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Retailers pessimistic about carbon tax

Retailers remain concerned about the impact of the carbon tax, with a recent survey revealing 83 percent expect the tax will mean consumers spend less and over 85 percent reporting it will have a negative impact on profitability.

According to the Australian Retailers Association (ARA), the survey of 500 retailers also found over a third plan to pass price increases onto consumers, and the same number will shed staff as a result of lost trade.

ARA Executive Director Russell Zimmerman said retailers are already struggling to keep their doors open and hang onto staff in dismal trading conditions and the tax will serve only to make conditions more difficult.

“This isn’t about big business whining over cost increases and their bottom line; these are small retailers who are families, single mothers or young couples trying to support themselves in life just like all working Australians.”

“Over a third of retailers surveyed said they would shed staff as a result of lost trade due to the carbon tax and a further quarter just weren’t sure what the effects of the tax would mean for their staffing levels. As an industry that’s Australia’s largest employer of people, this is a disastrous finding.”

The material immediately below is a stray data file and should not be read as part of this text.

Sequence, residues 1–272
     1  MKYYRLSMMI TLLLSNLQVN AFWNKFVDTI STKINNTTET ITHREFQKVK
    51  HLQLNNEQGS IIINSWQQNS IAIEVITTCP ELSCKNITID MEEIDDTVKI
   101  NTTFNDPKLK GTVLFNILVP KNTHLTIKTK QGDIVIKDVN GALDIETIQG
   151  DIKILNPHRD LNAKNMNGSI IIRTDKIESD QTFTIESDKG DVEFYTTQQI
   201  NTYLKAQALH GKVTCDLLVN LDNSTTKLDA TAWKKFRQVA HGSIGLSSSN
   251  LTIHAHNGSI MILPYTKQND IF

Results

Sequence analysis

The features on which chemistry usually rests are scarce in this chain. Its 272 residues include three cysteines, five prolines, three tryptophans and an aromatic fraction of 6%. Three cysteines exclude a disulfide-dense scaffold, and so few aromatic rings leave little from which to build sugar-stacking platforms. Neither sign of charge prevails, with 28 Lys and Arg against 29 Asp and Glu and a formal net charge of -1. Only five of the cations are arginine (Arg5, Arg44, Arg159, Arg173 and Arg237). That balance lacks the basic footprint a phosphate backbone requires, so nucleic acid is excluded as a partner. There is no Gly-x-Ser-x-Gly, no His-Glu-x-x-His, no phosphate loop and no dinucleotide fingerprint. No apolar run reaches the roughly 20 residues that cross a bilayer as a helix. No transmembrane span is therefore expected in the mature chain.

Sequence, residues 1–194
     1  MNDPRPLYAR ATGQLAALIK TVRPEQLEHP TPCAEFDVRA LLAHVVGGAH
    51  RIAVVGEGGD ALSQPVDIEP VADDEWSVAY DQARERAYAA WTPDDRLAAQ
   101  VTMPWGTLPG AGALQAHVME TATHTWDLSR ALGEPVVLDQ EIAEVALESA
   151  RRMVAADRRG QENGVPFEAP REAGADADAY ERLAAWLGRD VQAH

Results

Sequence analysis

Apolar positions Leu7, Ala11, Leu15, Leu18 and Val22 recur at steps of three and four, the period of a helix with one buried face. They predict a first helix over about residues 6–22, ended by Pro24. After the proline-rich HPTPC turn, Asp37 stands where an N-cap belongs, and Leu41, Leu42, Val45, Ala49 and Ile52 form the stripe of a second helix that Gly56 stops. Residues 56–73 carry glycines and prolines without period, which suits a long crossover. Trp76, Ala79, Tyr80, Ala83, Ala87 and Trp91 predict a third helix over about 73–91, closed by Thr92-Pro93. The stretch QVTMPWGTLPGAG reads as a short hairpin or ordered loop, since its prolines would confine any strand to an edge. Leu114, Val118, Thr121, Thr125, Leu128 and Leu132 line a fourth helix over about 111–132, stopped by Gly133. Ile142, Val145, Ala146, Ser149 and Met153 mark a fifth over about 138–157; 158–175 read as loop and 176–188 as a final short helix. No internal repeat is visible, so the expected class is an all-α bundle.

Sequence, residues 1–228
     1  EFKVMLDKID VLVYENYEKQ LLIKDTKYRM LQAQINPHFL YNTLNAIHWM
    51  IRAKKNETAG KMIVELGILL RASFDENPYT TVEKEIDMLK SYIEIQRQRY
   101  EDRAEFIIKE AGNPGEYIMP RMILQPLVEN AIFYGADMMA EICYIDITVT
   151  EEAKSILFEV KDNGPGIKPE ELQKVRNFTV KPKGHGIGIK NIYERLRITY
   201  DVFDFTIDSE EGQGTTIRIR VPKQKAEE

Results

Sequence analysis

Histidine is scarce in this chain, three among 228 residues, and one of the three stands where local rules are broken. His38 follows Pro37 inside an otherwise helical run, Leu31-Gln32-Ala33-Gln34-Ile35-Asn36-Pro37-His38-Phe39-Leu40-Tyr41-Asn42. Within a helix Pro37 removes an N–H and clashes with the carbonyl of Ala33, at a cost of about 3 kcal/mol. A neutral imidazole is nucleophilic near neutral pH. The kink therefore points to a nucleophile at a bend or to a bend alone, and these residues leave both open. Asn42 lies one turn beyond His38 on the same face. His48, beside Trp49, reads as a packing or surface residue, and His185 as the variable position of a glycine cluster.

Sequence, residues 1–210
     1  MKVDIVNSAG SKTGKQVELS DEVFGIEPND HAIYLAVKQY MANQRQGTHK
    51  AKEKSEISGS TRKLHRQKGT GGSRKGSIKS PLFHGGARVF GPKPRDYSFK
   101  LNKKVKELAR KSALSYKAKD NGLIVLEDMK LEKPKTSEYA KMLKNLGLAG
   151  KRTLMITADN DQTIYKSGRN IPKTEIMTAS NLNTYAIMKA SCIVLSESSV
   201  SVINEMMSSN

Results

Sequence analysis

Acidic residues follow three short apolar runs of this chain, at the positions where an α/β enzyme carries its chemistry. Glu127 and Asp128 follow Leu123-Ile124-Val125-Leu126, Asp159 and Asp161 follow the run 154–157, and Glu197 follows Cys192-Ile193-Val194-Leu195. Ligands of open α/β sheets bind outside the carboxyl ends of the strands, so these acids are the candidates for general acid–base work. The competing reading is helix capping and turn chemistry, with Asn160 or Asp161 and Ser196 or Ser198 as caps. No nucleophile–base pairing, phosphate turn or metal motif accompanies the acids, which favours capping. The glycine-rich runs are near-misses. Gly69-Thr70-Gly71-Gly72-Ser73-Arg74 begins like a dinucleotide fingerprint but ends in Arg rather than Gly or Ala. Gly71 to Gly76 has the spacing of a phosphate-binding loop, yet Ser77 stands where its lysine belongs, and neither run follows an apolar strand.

Julia Gillard announced early last month her Government would place a tax of $23 on every tonne of carbon released by this country’s 500 biggest polluters, and has denied calls this would mean rising costs for consumers. According to the Prime Minister, the tax (which is likely to cost $4.4 billion to implement) will cut some 159 million tonnes of carbon pollution by 2020, reducing Australia’s emissions by 5 percent.

Zimmerman said retailers have informed his organisation they’re implementing measures to reduce their carbon footprint, but rising utility costs are undoing their efforts.

“Aside from trying to reduce their own energy costs, there will be transport and delivery costs increases as a result of the carbon tax that retailers have no control over. This is why we have had such an anxious response from retailers ultimately worried sick about the future of their business, staff and livelihood,” he added.

Lorna Bretthttp://www.dynamicbusiness.com.au
Lorna was Dynamic Business’ Social Web Editor in 2011/12. She’s a social media obsessed journalist, who has a passion for small business. Outside the 9 to 5, you’re likely to find her trawling the web for online bargains, perfecting her amateur photography skills or enjoying one too many cappucinos. You can follow her on Twitter @DynamicBusiness